The lights are on
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As gaming has become more and more mainstream, and has become more accessible to a variety of audiences, tutorials have become more and more commonplace. Of course, gaming has also become vastly more complicated as technology has grown. The fidelity of analog sticks, motion controls, and voice controls have all incited leaps in gaming that we have had to become accustomed to. For some, these interactions are still wonky, and do not end up working all of the time. So, tutorials have had to crop up more, not just at the start of games, but in the middle too, so that games have become more and more "hand-holding". There are definitely good tutorials, and bad tutorials, as well as things like the Super Guide in the New Super Mario Bros. games that can assist players when they are in need. I don't think that all tutorials should go away: rather, developers should start putting in place better options for games who are more cognizant of how some games work, and follow examples set by games like Danganronpa: Trigger Happy Havoc and Half-Life 2.
EXCUSE ME! WHAT IS THE ACTION BUTTON?!
Tutorials are, of course, meant to help gamers. If a developer doesn't tell us what a button does, then we will most likely become frustrated that we didn't know of a certain action that could have been very useful in the first combat situation. Of course, if they tell us everything at the beginning, we may become overloaded and then forget what one button does, leading to confusion as well as frustration. Is there one single formula that works for every single game out there? No, that's impossible. The variety of controls and interactions various games require mean that we will almost always face problems with how a tutorial should work. There are, however, systems that I believe could work very well across multiple genres, and should be considered by developers.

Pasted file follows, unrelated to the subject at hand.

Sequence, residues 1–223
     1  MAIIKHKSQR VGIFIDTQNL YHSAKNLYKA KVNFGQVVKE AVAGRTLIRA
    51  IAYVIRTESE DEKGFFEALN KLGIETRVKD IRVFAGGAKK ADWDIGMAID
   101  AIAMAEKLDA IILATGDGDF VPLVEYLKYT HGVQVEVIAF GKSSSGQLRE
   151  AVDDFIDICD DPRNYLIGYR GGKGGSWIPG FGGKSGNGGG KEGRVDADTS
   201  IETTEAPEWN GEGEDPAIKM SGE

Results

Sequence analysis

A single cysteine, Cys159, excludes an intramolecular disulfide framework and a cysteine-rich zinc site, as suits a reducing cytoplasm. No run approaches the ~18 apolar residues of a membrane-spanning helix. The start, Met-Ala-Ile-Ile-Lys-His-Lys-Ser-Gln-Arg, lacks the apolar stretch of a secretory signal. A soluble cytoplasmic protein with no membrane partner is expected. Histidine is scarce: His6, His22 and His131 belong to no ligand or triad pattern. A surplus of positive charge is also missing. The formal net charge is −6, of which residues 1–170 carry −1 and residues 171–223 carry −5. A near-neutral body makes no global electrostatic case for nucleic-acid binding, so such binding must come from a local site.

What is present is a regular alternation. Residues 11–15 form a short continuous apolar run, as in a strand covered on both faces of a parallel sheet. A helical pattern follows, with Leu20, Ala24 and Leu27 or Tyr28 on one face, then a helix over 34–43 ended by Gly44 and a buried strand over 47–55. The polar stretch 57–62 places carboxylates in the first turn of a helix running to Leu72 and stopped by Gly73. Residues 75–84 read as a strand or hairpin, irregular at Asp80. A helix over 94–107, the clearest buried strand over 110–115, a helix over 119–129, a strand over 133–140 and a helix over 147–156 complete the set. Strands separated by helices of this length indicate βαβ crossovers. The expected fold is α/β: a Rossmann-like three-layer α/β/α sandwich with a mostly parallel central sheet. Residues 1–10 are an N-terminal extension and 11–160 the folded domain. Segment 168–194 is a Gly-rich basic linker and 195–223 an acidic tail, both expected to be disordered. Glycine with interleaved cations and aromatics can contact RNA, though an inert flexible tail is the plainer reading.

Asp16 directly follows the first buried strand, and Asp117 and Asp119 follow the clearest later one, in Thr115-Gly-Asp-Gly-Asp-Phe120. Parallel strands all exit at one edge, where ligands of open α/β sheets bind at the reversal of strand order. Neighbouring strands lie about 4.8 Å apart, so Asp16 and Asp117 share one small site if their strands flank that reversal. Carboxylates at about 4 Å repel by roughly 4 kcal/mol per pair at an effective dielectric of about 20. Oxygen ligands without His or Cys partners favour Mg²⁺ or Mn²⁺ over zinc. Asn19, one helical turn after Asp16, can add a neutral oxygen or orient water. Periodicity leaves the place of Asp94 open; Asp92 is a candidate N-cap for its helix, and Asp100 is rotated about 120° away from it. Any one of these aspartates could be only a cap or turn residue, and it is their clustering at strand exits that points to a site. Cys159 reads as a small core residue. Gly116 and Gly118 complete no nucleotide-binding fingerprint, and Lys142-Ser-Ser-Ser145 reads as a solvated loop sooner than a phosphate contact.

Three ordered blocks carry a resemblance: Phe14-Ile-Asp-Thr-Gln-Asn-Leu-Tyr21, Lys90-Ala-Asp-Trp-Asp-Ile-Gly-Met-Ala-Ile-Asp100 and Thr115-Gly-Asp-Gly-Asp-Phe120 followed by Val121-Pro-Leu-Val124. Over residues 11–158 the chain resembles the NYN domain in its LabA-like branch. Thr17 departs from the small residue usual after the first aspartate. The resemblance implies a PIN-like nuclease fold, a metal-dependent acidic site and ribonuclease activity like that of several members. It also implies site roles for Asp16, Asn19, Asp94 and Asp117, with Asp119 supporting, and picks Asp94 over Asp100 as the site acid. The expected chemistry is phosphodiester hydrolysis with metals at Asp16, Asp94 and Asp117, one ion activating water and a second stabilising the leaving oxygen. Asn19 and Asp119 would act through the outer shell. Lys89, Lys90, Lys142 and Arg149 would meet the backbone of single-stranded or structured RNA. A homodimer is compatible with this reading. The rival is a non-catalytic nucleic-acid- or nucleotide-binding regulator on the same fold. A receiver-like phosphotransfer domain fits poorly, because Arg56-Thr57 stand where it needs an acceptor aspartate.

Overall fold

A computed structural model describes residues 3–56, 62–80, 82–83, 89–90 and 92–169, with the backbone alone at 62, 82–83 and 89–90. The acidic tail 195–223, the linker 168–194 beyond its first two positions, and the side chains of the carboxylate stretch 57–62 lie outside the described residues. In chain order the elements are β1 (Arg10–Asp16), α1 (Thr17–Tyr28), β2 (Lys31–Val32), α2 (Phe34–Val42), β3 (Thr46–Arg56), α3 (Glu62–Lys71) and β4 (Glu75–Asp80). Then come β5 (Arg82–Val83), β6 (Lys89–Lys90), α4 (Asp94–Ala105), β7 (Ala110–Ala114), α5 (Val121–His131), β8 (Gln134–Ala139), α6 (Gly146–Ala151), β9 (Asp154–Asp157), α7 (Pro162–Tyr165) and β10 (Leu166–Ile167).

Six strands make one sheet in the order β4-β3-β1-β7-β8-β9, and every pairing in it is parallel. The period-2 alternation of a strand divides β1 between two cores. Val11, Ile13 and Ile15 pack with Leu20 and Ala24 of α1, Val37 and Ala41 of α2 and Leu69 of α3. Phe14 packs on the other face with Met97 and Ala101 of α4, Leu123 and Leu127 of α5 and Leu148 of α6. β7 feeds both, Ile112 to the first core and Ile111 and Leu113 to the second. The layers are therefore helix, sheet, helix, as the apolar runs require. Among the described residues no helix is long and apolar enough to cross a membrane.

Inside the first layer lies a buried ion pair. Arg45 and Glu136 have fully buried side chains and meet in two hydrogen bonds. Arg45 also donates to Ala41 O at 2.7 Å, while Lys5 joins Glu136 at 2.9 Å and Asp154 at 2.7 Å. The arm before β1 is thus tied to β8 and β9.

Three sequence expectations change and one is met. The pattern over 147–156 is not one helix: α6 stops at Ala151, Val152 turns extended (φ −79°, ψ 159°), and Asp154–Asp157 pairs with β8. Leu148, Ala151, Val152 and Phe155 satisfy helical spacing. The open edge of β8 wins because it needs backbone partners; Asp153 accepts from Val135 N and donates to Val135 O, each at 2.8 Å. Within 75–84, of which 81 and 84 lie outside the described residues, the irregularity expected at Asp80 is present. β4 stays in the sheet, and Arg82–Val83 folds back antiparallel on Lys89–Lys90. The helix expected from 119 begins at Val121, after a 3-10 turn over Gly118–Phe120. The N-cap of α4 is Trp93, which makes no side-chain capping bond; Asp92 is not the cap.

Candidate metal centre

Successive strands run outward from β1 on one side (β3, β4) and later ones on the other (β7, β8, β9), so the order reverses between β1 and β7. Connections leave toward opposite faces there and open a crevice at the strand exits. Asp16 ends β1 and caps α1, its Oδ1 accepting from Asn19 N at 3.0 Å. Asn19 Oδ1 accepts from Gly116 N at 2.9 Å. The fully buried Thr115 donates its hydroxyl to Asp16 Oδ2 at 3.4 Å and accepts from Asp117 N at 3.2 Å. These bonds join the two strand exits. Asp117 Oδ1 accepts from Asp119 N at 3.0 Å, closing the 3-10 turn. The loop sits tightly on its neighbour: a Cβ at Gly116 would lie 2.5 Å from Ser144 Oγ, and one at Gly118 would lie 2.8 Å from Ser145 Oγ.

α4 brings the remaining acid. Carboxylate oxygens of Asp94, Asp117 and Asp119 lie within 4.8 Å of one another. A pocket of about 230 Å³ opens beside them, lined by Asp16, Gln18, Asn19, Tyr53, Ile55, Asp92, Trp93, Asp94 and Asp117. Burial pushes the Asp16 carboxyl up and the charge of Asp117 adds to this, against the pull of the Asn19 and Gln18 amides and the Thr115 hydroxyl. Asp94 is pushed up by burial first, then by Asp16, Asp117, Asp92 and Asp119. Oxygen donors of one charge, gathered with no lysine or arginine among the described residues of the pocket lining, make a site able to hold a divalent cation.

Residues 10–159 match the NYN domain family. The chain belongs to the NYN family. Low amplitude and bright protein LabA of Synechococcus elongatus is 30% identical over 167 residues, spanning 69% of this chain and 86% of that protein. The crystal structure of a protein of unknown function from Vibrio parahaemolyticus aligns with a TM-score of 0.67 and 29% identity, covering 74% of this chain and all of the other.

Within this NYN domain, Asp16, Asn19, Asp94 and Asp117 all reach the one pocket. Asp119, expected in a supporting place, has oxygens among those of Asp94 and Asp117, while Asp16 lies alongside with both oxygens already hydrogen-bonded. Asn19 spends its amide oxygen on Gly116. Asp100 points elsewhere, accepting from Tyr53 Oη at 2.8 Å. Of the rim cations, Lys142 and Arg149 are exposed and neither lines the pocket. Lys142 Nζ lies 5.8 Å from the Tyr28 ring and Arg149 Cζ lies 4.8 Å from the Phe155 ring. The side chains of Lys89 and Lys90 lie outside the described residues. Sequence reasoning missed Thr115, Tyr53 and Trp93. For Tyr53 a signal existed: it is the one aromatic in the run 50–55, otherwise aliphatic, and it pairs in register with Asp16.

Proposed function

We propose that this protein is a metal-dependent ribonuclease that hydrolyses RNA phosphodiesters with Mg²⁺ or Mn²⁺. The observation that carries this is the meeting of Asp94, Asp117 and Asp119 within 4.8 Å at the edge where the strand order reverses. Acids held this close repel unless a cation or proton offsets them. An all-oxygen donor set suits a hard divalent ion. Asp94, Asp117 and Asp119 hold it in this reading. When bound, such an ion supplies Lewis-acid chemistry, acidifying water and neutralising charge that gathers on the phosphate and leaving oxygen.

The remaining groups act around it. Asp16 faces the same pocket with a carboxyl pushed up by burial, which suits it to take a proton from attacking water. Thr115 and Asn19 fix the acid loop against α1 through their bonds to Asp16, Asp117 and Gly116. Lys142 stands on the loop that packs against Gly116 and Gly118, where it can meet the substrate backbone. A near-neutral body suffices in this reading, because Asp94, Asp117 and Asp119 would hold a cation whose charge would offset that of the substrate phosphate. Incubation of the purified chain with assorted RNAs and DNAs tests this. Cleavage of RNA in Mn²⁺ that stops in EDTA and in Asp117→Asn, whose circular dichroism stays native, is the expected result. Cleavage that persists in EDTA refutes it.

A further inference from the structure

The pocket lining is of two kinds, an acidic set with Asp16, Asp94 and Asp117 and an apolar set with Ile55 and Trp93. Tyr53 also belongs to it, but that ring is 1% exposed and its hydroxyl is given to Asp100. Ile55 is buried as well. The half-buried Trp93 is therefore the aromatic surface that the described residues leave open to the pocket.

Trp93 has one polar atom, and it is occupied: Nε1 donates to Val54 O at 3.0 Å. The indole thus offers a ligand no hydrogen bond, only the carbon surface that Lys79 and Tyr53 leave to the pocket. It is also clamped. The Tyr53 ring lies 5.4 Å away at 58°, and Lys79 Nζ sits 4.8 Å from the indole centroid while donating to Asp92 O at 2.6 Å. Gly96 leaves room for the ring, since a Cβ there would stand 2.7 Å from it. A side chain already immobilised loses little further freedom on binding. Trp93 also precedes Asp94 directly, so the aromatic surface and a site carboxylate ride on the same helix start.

I was inspired to write this blog based on a game I recently finished, and a game I started after beating that game. Those games are Danganronpa: Trigger Happy Havoc and Professor Layton and the Azran Legacy, respectively. The latest entry in the Professor Layton series still has the charm that all the previous games had, and the puzzles are still just as great, but I've seen the tutorial over and over again. Sure, it's changed a bit because of the series moving onto 3DS and having new ways to move and interact, but it's essentially the same as before, and I'm just a bit tired of it. Plus, the characters act like they are reviewing this idea for pretty much the first time ever, and that makes the tutorial seem less necessary. They're people capable of solving the world's most difficult puzzles, and yet they need to review how to move and look around? Look, the series is geared toward the younger adult audiences with how the stories go, mostly, but it's also still a series many older audiences enjoy. I feel a bit disconnected now, also, as the game is trying to tell me things I don't need to know.
In contrast, Danganronpa: Trigger Happy Havoc is a game I played for the first time very recently, and it's one of the most unique games I've ever played. You won't see mechanics like these in most other games, even the Ace Attorney series. The game even builds upon these mechanics over the entire game, adding in new elements to make situations more complicated. Each time this happens, though, the game quickly asks if you want to hear about the new element that has been added to X scenario. Even though it's your first playthrough, you can go into parts without knowing what you're doing. Of course, I never did that, but since I intend to do a second playthrough sooner or later. I know now that I can skip all of that stuff. I was never bothered by the game asking me these questions, and felt it was one of the best teaching methods a game has even presented me with. If I'm playing the game again, and forget how to use a certain element, I will have the option to review it, but not everything else the game has.